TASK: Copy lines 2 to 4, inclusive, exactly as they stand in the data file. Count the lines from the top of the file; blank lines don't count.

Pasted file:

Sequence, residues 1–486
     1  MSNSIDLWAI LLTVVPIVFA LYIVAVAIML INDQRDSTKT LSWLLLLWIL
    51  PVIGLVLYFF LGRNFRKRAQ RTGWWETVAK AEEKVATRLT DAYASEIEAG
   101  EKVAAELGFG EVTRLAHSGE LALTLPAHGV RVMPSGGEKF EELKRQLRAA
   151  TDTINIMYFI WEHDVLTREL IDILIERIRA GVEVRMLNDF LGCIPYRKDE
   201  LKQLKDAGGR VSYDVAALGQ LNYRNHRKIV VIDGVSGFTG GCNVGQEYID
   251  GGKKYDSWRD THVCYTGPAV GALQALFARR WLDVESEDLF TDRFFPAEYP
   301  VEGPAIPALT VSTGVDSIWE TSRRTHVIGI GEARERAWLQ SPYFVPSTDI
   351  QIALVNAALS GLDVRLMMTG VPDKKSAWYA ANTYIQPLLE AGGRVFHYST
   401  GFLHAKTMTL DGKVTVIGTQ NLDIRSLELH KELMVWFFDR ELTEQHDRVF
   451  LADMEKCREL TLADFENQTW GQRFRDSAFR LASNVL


     1  MSNSIDLWAI LLTVVPIVFA LYIVAVAIML INDQRDSTKT LSWLLLLWIL
    51  PVIGLVLYFF LGRNFRKRAQ RTGWWETVAK AEEKVATRLT DAYASEIEAG
   101  EKVAAELGFG EVTRLAHSGE LALTLPAHGV RVMPSGGEKF EELKRQLRAA